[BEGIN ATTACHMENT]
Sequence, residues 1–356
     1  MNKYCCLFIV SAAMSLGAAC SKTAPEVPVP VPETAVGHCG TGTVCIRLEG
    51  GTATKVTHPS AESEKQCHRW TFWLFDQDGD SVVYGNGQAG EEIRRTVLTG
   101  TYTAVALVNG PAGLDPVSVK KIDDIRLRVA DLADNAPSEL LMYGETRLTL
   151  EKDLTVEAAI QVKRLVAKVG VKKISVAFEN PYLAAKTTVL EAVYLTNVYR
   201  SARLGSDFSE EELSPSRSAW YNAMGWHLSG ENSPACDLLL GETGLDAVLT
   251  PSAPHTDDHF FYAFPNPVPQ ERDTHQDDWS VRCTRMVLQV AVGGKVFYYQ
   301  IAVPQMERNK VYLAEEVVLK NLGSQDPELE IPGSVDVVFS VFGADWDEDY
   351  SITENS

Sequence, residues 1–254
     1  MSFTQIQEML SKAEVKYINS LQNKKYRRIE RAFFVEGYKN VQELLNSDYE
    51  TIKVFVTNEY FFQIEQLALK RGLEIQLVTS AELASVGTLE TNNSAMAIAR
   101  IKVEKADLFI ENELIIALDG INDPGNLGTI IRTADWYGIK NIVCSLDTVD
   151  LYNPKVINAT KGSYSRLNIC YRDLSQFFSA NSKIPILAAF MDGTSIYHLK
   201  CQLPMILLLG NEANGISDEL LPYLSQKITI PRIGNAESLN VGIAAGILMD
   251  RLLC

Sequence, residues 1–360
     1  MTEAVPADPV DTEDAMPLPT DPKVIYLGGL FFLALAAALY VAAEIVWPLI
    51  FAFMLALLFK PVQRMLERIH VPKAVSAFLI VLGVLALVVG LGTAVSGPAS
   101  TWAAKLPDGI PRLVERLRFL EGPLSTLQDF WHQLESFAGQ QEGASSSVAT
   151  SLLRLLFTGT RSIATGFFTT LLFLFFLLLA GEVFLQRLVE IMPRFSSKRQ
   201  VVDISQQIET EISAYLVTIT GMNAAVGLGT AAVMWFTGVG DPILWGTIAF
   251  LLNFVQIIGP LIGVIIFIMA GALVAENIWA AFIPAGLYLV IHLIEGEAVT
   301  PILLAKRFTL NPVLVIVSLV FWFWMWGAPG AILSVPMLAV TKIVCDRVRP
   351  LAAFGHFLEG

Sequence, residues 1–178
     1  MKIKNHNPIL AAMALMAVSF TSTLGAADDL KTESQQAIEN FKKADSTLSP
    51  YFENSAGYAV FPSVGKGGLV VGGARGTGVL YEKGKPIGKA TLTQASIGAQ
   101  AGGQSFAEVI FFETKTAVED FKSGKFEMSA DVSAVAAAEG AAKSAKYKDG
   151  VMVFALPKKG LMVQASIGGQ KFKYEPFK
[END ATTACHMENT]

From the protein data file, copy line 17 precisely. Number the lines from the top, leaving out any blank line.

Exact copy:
Sequence, residues 1–360